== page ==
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Confusingly, occupational therapy (OT) isn’t about a person’s occupation or employment. Instead, it’s about helping people with health issues to perform important everyday tasks or “occupations.” It’s a vital healthcare service that can be essential for assisting people to get back to living productive and fulfilling lives.
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What is occupational therapy (OT)?
- Self-care (such as showering, using the toilet, and dressing)
- Work or school time activities (like driving, writing, and communication management)
- Free time (including sexual activity and socializing)
Occupational therapists (OTs) take a broad, holistic view of the patient, rather than focusing only on the health condition causing difficulty with these ADLs. For instance, while a physician might focus on treating a patient’s cancer, an occupational therapist would help that individual deal with the range of daily challenges of having the disease. That might include dressing, bathing, using the toilet, organizing a daily schedule, cooking, and caring for children or aging relatives (Pergolotti, 2016).
Who does OT help treat?
People of all ages, from children to the elderly, can be helped by OT.
Often, OT services are helpful for someone who’s had an injury, such as a stroke or a traumatic brain injury, that’s hurt their ability to do specific tasks. People with a long-term condition that limits their ability to perform ADLs, like chronic pain or a mental illness, can benefit from OT as well.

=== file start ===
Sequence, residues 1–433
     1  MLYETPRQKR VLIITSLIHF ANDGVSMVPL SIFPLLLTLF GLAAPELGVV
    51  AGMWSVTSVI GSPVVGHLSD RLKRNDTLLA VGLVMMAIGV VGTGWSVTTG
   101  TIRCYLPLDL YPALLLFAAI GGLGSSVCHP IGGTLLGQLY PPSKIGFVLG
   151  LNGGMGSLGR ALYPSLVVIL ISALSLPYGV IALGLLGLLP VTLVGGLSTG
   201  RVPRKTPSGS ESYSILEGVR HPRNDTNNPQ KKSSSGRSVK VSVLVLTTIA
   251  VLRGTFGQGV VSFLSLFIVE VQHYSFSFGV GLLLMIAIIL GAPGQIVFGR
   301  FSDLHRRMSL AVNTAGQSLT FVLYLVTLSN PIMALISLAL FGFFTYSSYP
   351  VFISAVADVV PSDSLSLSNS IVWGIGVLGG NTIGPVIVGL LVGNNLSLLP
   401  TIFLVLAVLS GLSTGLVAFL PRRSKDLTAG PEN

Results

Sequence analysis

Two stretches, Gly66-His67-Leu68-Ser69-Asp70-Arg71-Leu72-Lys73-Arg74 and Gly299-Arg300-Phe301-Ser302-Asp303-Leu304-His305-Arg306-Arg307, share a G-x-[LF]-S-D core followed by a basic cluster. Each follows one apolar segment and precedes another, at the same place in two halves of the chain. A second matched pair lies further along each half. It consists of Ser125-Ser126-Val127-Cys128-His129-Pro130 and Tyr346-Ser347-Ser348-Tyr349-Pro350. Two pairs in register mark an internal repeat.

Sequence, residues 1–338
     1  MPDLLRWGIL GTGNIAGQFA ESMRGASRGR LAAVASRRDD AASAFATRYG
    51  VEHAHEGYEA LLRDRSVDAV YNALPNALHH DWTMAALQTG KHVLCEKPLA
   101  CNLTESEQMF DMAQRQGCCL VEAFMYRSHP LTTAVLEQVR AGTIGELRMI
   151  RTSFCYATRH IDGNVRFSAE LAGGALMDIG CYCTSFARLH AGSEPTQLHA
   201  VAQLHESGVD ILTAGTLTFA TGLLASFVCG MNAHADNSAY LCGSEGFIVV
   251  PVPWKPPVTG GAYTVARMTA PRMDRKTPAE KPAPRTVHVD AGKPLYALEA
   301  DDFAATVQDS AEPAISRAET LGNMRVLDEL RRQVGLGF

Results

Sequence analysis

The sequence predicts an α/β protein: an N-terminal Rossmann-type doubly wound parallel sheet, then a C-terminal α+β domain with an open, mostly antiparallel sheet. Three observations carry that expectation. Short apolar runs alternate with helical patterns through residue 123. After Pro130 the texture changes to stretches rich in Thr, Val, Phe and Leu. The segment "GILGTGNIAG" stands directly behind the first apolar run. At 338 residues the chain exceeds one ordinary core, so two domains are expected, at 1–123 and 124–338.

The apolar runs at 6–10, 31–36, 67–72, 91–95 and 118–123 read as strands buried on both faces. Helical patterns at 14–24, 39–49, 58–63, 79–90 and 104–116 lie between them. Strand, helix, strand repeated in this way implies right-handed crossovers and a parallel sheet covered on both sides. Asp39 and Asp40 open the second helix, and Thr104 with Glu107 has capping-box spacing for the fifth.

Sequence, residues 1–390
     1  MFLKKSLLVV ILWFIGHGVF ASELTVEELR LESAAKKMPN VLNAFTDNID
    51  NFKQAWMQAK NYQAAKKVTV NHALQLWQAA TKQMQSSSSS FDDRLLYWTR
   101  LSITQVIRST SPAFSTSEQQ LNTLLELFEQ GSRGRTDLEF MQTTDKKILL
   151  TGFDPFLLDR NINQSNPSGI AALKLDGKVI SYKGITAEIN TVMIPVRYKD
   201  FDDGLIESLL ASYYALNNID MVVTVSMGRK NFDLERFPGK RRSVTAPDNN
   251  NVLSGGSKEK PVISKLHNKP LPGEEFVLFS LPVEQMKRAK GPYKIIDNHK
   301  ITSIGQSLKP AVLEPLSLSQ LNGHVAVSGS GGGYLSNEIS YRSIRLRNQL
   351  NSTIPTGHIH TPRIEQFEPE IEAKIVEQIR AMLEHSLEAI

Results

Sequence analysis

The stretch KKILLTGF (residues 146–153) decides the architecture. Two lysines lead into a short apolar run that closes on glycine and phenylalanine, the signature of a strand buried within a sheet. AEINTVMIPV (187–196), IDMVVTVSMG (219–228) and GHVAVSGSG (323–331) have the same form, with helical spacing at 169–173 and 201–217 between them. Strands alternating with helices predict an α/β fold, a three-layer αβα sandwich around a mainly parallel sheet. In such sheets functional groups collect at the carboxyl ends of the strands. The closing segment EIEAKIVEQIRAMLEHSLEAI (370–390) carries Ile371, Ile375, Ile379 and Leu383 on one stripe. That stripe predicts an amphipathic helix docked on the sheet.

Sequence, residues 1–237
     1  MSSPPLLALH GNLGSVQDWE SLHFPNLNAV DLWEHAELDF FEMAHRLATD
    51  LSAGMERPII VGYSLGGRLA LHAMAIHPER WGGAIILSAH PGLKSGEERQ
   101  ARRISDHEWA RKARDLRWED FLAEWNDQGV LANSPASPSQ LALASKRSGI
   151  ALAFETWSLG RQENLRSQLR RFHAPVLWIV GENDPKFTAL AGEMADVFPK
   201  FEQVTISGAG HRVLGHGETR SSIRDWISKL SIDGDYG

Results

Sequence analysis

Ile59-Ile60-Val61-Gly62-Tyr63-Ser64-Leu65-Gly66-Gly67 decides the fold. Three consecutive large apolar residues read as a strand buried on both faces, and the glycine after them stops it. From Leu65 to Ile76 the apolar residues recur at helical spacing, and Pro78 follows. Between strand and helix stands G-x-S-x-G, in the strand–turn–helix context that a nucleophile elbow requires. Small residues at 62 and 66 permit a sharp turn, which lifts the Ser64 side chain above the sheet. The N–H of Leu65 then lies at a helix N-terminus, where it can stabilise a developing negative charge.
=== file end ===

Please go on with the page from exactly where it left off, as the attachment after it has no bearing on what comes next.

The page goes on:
Children and adults with disabilities, such as autism, cerebral palsy, intellectual disabilities, and motor disorders, frequently receive OT. OT services can also help older adults experiencing challenges with physical and mental tasks (Ikiugu, 2017; Kuhaneck, 2015; Houtrow, 2019).
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How does occupational therapy work?
OT services often take place in long-term care facilities, like nursing homes or group homes. OT is also available in hospitals, health centers, workplaces, schools, and people’s homes (Janssen, 2020; Tiwana, 2020).
Occupational therapists act as guides by assisting the individual in establishing goals. The patient and OT then work together to accomplish those goals. Therapists can suggest new practices and habits that make tasks more manageable. If the person is living at home, they may suggest ways to adapt the environment so that activities are more manageable.
For example, someone whose fine motor skills have been damaged, so they’re unable to handle a knife, might have a goal of preparing meals for their family. The therapist might suggest buying pre-cut vegetables and fruits or help the individual figure out which utensils they can more easily handle. If it’s difficult for the person to reach cookware, the therapist might suggest ways to rearrange the kitchen so that cookware is easily accessible.
For a child, the goal might be something as simple as tying a shoelace. Or it might be a more complex goal, like learning to play with friends.
What happens in an OT assessment?
There are many different types of OT assessments. Often they target specific health conditions. In general, an OT assessment includes (Tiwana, 2020):
- Assessing the situation: The history of the person’s health condition, current health status, and which activities are limited
- Goal setting: What’s most important to the individual and what’s possible to achieve
- Creating a treatment plan: Short- and long-term goals, as well as the treatments and techniques the therapist will use to help achieve them
During an assessment, the therapist should evaluate the person’s psychological status as well. About half of residents in long-term care facilities have depression (Janssen, 2020). Mental health can significantly affect treatment, so identifying it during the OT assessment helps ensure a more straightforward path to recovery.